Tom Griffiths, Ed.D., Aquatics Safety Expert
As I and many other water safety experts throughout the nation predicted, this summer the statistics related to drowning are going to be dismal. The number of reported incidents so far are no less than horrifying. New York City alone experienced 10 drownings in 10 days in early June. Likewise, Palm Beach County in Florida experienced a 91% increase in drowning during the late Spring and early Summer.
The rest of the country is also seeing these same increases, and both parents and local officials are rightfully worried. Unlike other years, the increase in drowning episodes was easy to predict, and COVID 19 shares much of the blame.
First, pools throughout the US were closed because of the initial outbreak. When the pools did open, they were limited in operating hours, attendance, and the availability of swimming classes. As a result, many children and adults did not learn to swim. In addition, many facilities who relied on lifeguards returning from the previous summer, had no returning guards to hire due to COVID.
With pools closed and people still trying to beat the heat, they found unguarded areas to swim, many of which were unsafe. Unfortunately, they are returning to these potentially dangerous locations this year.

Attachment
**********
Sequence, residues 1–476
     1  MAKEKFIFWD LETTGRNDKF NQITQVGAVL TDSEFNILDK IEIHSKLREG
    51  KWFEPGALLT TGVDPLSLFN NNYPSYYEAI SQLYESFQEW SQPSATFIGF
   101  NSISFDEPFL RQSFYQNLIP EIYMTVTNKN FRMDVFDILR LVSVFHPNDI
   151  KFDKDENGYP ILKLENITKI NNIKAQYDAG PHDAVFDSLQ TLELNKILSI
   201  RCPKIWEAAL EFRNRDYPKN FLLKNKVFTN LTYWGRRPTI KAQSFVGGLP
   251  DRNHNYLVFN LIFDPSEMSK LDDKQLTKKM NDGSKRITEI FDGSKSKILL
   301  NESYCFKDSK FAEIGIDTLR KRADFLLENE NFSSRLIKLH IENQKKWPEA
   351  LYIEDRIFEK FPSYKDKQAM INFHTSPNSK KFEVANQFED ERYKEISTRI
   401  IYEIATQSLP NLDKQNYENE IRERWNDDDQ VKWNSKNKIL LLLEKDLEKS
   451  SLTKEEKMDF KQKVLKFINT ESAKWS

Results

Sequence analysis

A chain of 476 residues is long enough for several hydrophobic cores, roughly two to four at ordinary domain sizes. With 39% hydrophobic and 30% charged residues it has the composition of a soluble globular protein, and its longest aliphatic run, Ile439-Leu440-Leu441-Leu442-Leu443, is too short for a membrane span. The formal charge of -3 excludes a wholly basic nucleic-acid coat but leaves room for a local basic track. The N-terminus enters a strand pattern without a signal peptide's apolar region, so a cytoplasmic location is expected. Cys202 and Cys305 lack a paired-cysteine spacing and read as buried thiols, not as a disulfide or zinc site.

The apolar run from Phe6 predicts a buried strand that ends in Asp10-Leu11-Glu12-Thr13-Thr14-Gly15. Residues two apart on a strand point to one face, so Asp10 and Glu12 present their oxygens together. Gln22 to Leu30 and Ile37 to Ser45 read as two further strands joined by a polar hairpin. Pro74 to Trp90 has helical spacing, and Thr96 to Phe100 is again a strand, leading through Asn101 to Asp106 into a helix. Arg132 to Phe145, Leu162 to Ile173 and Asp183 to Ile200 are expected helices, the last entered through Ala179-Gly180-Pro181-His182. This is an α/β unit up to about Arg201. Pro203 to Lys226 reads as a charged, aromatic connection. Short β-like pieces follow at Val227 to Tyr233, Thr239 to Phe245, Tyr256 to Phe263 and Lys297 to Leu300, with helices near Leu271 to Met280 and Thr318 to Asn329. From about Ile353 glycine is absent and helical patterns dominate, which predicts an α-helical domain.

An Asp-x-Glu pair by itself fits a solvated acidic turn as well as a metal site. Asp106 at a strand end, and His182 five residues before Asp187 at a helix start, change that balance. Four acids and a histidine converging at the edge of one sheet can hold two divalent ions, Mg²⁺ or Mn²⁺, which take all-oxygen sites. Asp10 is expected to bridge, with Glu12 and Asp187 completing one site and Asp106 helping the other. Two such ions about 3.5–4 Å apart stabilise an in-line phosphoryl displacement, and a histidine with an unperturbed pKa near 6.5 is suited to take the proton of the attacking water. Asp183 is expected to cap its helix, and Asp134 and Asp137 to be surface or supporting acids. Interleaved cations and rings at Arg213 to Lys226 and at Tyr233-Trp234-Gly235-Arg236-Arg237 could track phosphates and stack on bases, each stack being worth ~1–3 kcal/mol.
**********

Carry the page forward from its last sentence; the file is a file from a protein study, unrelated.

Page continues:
Fewer (or no) lifeguards, fewer competent swimmers, and a rise in attendance at unguarded areas to swim is a recipe for disaster. To combat this public safety hazard, creative recruiting of lifeguards is a must. Some facilities have been extremely successful in training retired senior citizens to guard. Others have recruited younger people to be shallow water-only lifeguards. Others still recruit lifeguards from other countries, including Eastern Europe and South America.
Remember: The best protection against drowning, even in swimming pools, is a properly fitting U.S. Coast Guard Approved Life jacket.